Busting the “No Specialists on the Team” Myth

There is a line in the latest (2011) Scrum Guide that says:

The team of people performing the work of creating an Increment is the Development Team. Regardless of the work performed by individual team members, they are known as Developers.
Schwaber and Sutherland
The Scrum Guide

This statement seems to have been be misunderstood by some who interpret it to mean that Scrum prescribes that there should be no specialisation within the team (see for example this blog post and the description of the Team here). Also, that every individual team member must be a highly cross-functional generalist as an individual including being able to contribute code.

That is not, however, what is meant.

This is not the only terse statement out that may give people the wrong impression either. For example, the previous versions of the Scrum Guide, e.g. the original March 2009 edition, reads in part:

“Teams are also cross-functional; Team members must have all of the skills necessary to create an increment of work.”

Upon first read, you might think this is saying that “individual Team members must have all of the skills necessary to create an increment of work”. But, could it not also be suggesting that “Team members as a collective must have all of the skills necessary to create an increment of work”? Unfortunately, what the latest (2011) version of the Scrum Guide omits is the following, longer and more explicit explanation given in the 2009 version.

“Team members often have specialized skills, such as programming, quality control, business analysis, architecture, user interface design, or database design. However, the skills that Team member share – that is, the skill of addressing a requirement and turning it into a usable product – tend to be more important than the ones that they do not. People who refuse to code because they are architects or designers are not good fits for Teams. Everyone chips in, even if that requires learning new skills or remembering old ones. There are no titles on Teams, and there are no exceptions to this rule. Teams do not contain sub-Teams dedicated to particular domains like testing or business analysis, either.”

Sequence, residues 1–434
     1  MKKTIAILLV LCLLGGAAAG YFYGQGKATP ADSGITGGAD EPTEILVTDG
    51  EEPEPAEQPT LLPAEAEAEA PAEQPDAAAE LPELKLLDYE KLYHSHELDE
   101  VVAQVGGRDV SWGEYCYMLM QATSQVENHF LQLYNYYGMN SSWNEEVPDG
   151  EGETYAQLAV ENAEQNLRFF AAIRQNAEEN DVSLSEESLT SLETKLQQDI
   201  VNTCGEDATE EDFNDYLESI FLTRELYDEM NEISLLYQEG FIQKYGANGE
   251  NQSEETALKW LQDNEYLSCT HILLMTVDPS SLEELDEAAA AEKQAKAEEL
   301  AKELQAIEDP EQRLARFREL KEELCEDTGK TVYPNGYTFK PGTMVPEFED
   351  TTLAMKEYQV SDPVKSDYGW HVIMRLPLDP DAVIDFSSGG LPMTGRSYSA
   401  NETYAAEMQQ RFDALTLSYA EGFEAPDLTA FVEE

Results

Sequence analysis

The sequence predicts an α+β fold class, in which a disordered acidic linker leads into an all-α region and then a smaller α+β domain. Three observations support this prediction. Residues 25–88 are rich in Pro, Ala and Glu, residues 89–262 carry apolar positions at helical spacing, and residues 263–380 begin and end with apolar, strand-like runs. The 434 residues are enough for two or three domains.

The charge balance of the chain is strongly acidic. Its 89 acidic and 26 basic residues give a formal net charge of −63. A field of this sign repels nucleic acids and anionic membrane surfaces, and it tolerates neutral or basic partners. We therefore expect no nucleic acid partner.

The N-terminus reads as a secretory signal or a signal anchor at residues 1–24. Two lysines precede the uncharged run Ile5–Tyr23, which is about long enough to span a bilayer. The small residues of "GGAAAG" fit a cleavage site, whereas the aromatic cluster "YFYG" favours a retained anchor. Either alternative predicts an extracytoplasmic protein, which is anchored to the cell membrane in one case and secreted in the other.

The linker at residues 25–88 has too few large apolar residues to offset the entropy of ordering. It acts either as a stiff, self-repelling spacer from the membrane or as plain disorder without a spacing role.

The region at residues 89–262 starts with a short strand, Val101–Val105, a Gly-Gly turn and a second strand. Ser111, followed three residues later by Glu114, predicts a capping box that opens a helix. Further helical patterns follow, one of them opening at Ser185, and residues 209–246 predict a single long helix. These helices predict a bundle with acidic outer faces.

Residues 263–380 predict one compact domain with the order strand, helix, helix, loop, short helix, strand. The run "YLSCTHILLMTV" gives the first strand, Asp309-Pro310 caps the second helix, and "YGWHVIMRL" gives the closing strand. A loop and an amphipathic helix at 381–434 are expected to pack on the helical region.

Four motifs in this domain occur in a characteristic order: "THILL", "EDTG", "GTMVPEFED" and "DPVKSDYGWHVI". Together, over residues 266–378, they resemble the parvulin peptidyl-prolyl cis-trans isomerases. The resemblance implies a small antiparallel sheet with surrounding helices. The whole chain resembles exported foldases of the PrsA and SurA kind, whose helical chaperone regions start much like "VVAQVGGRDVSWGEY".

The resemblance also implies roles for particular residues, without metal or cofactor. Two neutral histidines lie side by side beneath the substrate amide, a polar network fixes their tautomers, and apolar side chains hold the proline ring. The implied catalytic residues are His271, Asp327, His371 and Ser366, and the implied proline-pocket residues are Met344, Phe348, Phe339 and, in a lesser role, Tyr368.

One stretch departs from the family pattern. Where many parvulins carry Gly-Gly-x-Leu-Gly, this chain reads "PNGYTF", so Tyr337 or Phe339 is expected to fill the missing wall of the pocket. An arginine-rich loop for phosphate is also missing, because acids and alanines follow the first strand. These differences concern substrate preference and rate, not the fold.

– Scrum Guide, March 2009

The intent here really hasn’t changed since the Black Book written about 10 years ago now.

“There are no titles on teams. Teams self-organise to turn the requirements and technology into product functionality. This type of stateless, ego-less, development team is flexible to address any work that arises. Scrum avoids people who refuse to code because they are system architects, or designers. Everyone chips in and does his or her best, doing or learning how to do what is needed. Scrum Team members don’t have job descriptions other than doing the best possible.”

– Agile Software Development with Scrum p.38

One of the most recently published books on Scrum puts it as follows.

“In general, people can either be specialists or generalists, and the Scrum Team may be made up of both.”

– Exploring Scrum: The Fundamentals